Balochistan: Self-inflicted misery?
My fondest childhood memories are of rolling down the landscaped gardens of the rest-house located beside the Quaid-e-Azam’s residency in Ziarat. The undulating open space spotted with the frosted looking juniper trees provided an ideal environment for the equally inviting wooden dens; and the fresh dew on the grass under the clear blue sky was then so tempting for us to feel.
Visiting these dream homes used to be the highlight of our summer vacations. The short picnics to Hanna Lake, Ziarat and Wali Tangi were enriching and peaceful to say the least. Quetta, I should say, was one of the most peaceful places in Pakistan, where the locals of all ethnicities had been living in harmony for time immemorial.
The political landscape, however, has changed within a decade. And the burning down of Quaid’s residency was a monumental loss and a symbolic action against the state.
Visiting this volatile city is now a risk very few take; a walk down its once sheltered streets is almost inconceivable. Contrary to popular belief, the people bearing the brunt of this unrest are mostly the “settlers”. These are people who settled in Balochistan but are not the locals, for example the Punjabis and Hazaras. This label has become a part of their identity after the conflict started.
The overt observation, though not necessarily the real cause, is that some of the Balochis and the Baloch Liberation Army’s sentiment about Pakistan, as a State, and its military are highly bitter. Separatist groups and conflicts rose rapidly after the assassination of Baloch tribe leader, Nawab Akbar Bugti. The conflict and associated chaos caused by sectarian violence and target killings has cost us an innumerable number of lives and misery. Not only is the killing of Bugti considered unjustified, they also feel they have not been treated equally, such as on grounds of socio-economic and political advancement. Which is, on many fronts, an undeniable fact.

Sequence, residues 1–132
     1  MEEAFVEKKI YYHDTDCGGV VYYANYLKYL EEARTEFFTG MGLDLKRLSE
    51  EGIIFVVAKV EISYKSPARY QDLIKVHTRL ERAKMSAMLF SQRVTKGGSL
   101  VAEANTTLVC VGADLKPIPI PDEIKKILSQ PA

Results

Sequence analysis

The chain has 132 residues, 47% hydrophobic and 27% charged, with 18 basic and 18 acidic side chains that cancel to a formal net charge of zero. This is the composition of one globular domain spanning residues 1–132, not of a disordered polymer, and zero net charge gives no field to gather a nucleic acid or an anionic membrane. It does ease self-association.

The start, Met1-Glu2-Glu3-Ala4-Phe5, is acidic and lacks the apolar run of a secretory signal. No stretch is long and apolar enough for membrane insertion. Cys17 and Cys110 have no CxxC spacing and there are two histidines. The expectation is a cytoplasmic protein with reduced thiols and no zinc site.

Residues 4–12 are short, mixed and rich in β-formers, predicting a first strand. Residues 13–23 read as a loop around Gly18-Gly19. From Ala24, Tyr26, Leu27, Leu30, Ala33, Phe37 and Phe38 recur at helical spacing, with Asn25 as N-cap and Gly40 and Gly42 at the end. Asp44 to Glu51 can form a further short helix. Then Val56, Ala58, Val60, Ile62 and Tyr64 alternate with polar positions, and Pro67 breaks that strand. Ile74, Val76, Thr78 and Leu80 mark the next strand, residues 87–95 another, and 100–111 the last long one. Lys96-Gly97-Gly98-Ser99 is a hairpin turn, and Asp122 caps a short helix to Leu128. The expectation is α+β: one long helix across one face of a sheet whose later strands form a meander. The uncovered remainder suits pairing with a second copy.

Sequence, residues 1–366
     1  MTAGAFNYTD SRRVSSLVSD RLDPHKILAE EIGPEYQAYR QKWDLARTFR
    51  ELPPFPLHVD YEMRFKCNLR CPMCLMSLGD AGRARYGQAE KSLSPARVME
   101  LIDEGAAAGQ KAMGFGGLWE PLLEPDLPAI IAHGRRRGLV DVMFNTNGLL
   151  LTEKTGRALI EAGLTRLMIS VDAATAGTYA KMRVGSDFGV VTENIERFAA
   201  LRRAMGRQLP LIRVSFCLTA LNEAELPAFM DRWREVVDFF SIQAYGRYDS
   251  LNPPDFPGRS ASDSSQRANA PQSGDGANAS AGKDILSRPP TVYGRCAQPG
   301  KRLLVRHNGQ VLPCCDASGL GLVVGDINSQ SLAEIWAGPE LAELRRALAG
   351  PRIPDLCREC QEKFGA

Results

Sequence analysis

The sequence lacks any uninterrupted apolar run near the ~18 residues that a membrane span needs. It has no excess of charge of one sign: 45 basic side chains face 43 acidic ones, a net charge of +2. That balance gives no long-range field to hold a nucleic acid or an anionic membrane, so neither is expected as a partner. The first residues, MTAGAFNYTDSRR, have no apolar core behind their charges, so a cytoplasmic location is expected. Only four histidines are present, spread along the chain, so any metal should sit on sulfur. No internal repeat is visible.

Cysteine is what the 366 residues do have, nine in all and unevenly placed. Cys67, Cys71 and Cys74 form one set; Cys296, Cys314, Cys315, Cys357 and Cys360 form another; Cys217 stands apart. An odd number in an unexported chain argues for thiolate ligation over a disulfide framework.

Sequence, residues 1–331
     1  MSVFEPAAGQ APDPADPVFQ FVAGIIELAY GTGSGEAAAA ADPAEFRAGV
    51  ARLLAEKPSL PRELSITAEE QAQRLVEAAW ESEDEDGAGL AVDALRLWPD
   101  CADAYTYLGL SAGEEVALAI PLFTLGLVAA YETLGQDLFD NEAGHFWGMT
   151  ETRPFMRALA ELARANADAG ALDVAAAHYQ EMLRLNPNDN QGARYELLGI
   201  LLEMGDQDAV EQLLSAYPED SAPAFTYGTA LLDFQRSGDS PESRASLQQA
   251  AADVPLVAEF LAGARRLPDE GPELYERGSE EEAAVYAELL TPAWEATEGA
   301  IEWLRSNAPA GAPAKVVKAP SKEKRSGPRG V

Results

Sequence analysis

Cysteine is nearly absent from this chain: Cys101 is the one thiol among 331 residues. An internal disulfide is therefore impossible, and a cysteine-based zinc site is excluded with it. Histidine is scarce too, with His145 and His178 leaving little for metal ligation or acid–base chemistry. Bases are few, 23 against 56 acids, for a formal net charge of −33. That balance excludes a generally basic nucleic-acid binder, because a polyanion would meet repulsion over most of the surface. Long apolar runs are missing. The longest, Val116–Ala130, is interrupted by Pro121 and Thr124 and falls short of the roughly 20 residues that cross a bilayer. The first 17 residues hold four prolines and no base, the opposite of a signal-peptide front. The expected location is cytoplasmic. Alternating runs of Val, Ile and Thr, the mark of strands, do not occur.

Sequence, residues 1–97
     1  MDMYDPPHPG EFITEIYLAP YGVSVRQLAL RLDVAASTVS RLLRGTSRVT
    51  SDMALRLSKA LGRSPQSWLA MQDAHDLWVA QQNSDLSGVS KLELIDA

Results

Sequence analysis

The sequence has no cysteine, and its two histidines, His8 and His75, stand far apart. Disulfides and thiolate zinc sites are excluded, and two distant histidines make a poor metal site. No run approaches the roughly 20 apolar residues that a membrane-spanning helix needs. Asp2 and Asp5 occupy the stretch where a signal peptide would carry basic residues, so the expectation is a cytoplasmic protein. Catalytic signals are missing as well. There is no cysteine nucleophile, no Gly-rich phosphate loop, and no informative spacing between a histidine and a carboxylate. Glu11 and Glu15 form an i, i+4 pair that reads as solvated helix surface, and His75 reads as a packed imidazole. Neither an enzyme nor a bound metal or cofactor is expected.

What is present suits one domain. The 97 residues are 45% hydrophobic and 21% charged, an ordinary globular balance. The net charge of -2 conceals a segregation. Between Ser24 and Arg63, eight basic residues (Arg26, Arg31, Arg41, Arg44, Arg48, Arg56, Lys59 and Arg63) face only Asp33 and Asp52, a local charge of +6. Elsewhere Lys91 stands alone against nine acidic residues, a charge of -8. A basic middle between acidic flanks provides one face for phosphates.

National Party Vice-President Hasil Bizenjo remarked on this and said,
“There is a joke in the province that if you want authorities to stop pursuing a murder case, have it claimed by one of the many rebel groups operating in Balochistan”.
This thought has arguably led to a separatist ideology; some Baloch feel they are better off without links to Pakistan. This aggression has maligned relations between the locals and the settlers, though most Baloch people do not share the same separatist view. The animosity reflects major failure on part of the government to maintain solidarity within the state. However, it is not just a struggle for equality, in the midst of it all, religious minorities have taken major hits which makes one wonder if the external government intervention, in the form of the Frontier Corps (FC), has effectively put an end to this problem. Is the Taliban the sole reason behind this violence or is it the BLA, as they like to call themselves, marking their territory?
Sectarian homicide continues to be the prime challenge in the province today. The province now has a decade-long mutiny as part of its history that is yet to be resolved. Generations and families have been destroyed because of acts of intolerance. It affects the freedom of people; the constant fear of being a target diminishes the quality of life of people engulfed in fear and, consequently, at enmity.